The Canadian critic Northrop Frye and the little-known, much underrated Canadian poet Jay Macpherson, were key influences on her early books. The Journals of Susanna Moodie echo the national themes of Survival, the individual's struggle with wilderness ending in a sort of defeat: "I planted him in that country/Like a flag," says Moodie of her drowned son. In Power Politics the grimmer, more mordant phases of Atwood's sex-war feminism become evident in poems with the power of a less vulnerable, more life-affirming Sylvia Plath.
Atwood's novels are social satires as well as identity quests. Her typical heroine is a modern urban woman, often a writer or artist, always with some social-professional commitment, fighting for self and survival in a society where men are the all-too-friendly enemy but women are often complicit in their own entrapment. Critics of Atwood, largely feminist in approach, see Surfacing (1972) as a Jungian "search for the essential female self" and The Edible Woman (1969) and Lady Oracle (1976) as comedies of female re-integration, the latter also being notable for its hilarious and skillful parodies of the female Gothic. Life Before Man (1979), the least comic, is slower, more somber, built on internal thought events, unified by the poetic subtexts drawn from the documentary detail of its setting in the Royal Ontario Museum.
Bodily Harm (1981) is explicitly political and feminist. Its heroine experiences violence and mutilation—bodily harm—in the double setting of the hospital where she endures her mastectomy and the tropical island from whose political violence she discovers she cannot stay aloof. She is there, it turns out, to "bear witness" to the torture inscribed on the female body of a companion, to record this mutilation in her reporter's language, and to acknowledge her own involvement through a compassion that releases the "hope" caught in "Pandora's box."
The Handmaid's Tale, a feminist rewriting (published in 1985) of the dystopia of Orwell's 1984, is, like all dystopias, not a novel of the future but a critique of the present day in which the seeds of a destructive, misogynistic puritan revival are already planted. It is Atwood's closest approach to science fiction.
Cat's Eye (1988) is a self-portrait of the (female) artist returning to the Toronto of her childhood to recover her own past and with it a resurgence of her creativity. Her flashback recollections alternate with her satiric observations of the contemporary cultural scene in a narrative pattern found in most of Atwood's novels.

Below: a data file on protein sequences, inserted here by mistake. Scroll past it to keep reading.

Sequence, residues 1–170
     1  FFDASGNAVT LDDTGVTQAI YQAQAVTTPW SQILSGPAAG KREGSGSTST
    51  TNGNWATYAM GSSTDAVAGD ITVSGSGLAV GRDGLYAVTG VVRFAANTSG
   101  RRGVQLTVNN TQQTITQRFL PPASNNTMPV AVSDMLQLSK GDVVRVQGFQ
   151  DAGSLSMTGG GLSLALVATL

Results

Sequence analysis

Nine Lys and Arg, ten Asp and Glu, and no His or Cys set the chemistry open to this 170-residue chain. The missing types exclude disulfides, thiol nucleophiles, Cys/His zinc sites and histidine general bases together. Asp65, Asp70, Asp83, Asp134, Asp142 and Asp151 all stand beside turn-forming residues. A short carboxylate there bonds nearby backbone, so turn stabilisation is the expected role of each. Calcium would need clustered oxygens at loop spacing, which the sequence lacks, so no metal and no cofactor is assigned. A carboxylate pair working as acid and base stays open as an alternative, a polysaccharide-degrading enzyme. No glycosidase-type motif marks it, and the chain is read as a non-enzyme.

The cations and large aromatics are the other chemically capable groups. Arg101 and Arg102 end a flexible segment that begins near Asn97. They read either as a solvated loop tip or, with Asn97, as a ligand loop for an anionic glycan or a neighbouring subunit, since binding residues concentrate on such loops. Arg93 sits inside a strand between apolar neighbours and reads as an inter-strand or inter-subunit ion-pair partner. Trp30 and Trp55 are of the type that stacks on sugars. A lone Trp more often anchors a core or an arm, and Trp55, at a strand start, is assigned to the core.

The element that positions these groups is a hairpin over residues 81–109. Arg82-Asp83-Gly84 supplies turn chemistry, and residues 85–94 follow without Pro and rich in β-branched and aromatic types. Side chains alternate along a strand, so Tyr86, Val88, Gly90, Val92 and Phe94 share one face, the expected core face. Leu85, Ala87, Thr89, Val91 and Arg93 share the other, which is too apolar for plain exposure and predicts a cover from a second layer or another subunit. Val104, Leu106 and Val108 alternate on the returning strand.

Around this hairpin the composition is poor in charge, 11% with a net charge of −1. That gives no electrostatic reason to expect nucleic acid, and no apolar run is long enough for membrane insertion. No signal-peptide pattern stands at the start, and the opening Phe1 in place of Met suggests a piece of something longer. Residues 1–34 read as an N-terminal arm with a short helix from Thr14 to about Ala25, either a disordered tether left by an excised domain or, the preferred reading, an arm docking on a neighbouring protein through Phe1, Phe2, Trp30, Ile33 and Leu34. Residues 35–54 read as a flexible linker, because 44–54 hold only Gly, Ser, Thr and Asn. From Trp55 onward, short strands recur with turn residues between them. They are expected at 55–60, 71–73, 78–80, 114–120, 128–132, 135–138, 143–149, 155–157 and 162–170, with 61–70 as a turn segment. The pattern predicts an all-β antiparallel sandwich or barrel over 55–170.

More recent books include a children's book, For the Birds (1990), and two volumes of short fiction, Wilderness Tips (1991) and Good Bones (1992). In 1993 Atwood published The Robber Bride, which was co-winner of Ontario's Trillium Book Award and won the City of Toronto Award.
Strange Things: The Malevolent North in Canadian Literature, the printed version of the four Clarendon Lectures delivered at Oxford University (England) in 1991 was published around the world in 1995. Princess Prunella and the Purple Peanut and The New Oxford Book of Canadian Short Stories were released in 1995.
Morning in the Burned House (1995) was her first book of new poetry in a decade. Alias Grace was first published in hardcover in the fall of 1996 and in the summer of 1997 as a paperback. It is the story of an infamous, 19th-century Canadian woman convicted as an accessory in the murder of her employer and his mistress. The lead character spends most of the novel in limbo between prison and an insane asylum, with doctors and psychologists attempting to diagnose her.
Atwood's literary works have also been recognized in other forms of artistic endeavor. In 1981, she worked on a television drama, Snowbird (CBC), and had her children's book Anna's Pet (1980) adapted for stage (1986).
One of the largest Atwood collections can be seen at The Thomas Fisher Rare Book Library, located at the University of Toronto. Manuscripts, reviews, critical responses, correspondence, and copies of both domestic and foreign editions are on display, though some areas of the collection are restricted access, requiring special permission for viewing or copying.
Atwood is known as a very accessible writer. One of her projects, the official Margaret Atwood Web site, is edited by Atwood herself and updated frequently. The Internet resource is an extensive, comprehensive guide to the literary life of the author, while also revealing a peek into Atwood's personality with the links to her favorite charities, such as the Artists Against Racism site, or jocular blurbs she posts when the whim hits. As well, the site provides dates of lectures and appearances, updates of current writing projects, and reviews she has written. The address is: http: //www.web.net/owtoad/toc.htm
She is also a talented photographer and watercolorist. Her paintings are clearly illustrative of her prose and poetry and she did, on occasion, design her own book covers. Her collages and cover for The Journals of Susanna Moodie bring together the visual and verbal media.
Further Reading on Margaret Eleanor Atwood
All Atwood's novels and her collected poems are widely and internationally available, as is considerable criticism and scholarship. Two collections, Arnold and Cathy Davidson's The Art of Margaret Atwood: Essays in Criticism (1981) and Kathryn VanSpanckeren and Jan Garden Castro's Margaret Atwood: Vision and Forms (1988), along with Sherrill Grace's book Violent Duality: A Study of Margaret Atwood (1980), are good places to start exploring her, but Atwood is a very accessible writer who is perhaps best approached directly.
See the official Margaret Atwood Web site, edited by Atwood herself, as well as BDD Online, at http: //www.bbd.com and other web sites.